Since my response is to the moderators of the site and Groundspeak et al., I will post this here weeks after the main discussion has passed. Like all of my logs, this is mostly just a rant.
I... support the decision! The sport/game/hobby of geocaching has existed for so long, its long term survival outweighs what some users think about the more antiquated elements of it. I would argue benchmarking is not a priority for many users, only partially because Groundspeak has relegated it to obscurity on the website for years.
Beginners, who are important customers to expand the product, don't seem to be flocking toward benchmarks. My area has been dominated by loop-holers focused more on statistics than unique hunts and only seem to log benchmarks when they can get a challenge cache out of it. The 0.13% statistic that was paraded around is probably an understatement, but I do not see the logic of paying to support something so little of the general population cares about. A majority of my gripes are not with Groundspeak's decision but the rotten system of global capitalism and the myth of unlimited business growth. Low interest, sadly, equals low profitability and thus elimination.
The archivist aspect is the main element that is tragic in all this, for me. But this is a symptom of the internet at large- huge portions of the web are just being lost to the wind and almost no one seems to care. Geocaching has now outlasted web 1.0, 2.0 and if the impending demise of twitter is any indication, 3.0 as well. One of its most valuable elements then are the logs from a pre-cell phone age. There are inactive users who commented on benchmarks and their logs will be lost forever. That sucks. While scraping page by page through The Internet Archive is a great idea, it's not practical. I'll try anyway. It's not a defense of the decision, but reality.
Burying the lede here, but Benchmarking is/was one my favorite elements of Geocaching. I think it is profoundly interesting from a historical aspect, and many of my most memorable experiences with caching overall have been hunting remote benchmarks. I was annoyed with how old the datasheet was and just how many of the marks were actually destroyed. Especially living in an urban area, where mindless sprawl and that myth of unlimited growth have destroyed many of these disks. But the ones I did find were fun, even if it was impossible to combine that experience into any sort of phone application.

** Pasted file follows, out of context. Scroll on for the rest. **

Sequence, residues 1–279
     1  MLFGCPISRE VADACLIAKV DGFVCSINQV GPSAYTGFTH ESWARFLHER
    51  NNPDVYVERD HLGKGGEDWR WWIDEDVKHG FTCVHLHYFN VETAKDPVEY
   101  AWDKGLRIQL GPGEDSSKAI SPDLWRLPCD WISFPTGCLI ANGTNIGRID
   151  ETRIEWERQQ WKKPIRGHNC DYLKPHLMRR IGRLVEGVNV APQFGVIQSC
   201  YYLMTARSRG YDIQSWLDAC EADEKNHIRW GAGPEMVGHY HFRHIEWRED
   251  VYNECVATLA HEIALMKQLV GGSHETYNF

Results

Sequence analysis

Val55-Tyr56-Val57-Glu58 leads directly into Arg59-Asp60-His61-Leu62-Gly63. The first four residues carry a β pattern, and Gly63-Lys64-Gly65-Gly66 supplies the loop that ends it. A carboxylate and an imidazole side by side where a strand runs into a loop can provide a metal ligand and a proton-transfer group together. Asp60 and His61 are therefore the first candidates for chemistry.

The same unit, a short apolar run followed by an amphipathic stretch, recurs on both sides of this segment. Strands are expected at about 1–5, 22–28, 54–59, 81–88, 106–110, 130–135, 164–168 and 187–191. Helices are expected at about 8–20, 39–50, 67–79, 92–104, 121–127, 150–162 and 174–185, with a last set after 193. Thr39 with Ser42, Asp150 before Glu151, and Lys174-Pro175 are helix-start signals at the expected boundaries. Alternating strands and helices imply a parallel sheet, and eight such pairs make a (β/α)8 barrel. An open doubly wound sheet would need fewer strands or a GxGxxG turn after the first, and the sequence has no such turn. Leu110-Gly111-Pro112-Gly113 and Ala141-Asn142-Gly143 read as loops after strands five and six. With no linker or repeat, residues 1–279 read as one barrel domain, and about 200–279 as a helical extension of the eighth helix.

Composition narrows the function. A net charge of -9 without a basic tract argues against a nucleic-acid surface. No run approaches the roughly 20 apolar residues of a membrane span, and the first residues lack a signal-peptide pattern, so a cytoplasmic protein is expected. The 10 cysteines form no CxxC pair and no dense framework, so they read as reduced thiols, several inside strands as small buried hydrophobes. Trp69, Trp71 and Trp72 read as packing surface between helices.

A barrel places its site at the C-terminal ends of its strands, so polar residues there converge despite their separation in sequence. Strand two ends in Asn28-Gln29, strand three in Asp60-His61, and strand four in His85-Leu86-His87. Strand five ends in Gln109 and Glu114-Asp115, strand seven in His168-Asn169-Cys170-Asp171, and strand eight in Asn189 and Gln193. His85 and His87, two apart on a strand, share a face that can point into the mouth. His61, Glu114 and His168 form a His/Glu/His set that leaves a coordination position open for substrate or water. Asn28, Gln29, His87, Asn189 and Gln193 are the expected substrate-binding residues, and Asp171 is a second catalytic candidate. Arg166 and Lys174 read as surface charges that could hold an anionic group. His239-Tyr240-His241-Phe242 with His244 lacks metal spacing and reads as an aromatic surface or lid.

Of the 84 I found so far, 56 (66%) have been radio/water towers, cupolas, domes, flagpoles, or just tall buildings. These are a majority of the benchmarks I've noticed other users have logged. Which is logical- they are the most easily accessible. But I would also argue, not entirely worth it. For those above me who complain about lamp post hides, these categories of benchmarking are very much in the same vein. I do not want to gatekeep against either as that would be hypocritical. I strive to give my logs as much depth and information as possible, but it's pretty obvious that a State Capitol dome is "in good shape".
Which leaves the other 32 (34%) of my finds- bench mark discs themselves. This is what I'll- and others here- will truly miss. I think that the amount of marks logged as missing or never logged at all are vast. That sort of eliminates the ease of accessibility. Of those 32 disks, a third of them have been found less than five times. I am the most recent finder on all of those for the past eighteen months. I was happy to recognize one of those other finders in these comments, and empathize with their disappointment, but this doesn't eliminate benchmarking. It just pushes it to a much less popular website. This is by no means the end of my benchmarking. It's just the end of me keeping track of my benchmarking online- my disapointments with Waymarking are a separate rant entirely.
Talk all you want about how the best things in life are worth the challenge, but from a business model perspective it's not marketable. Which goes back to my hatred of the "game" (capitalism) not the "player" (Groundspeak) trying to promote and protect Geocaching.
So in summary, while I love benchmarking, I can understand why Groundspeak would phase it out. Because it's a niche, mostly unrelated element to geocaching at large.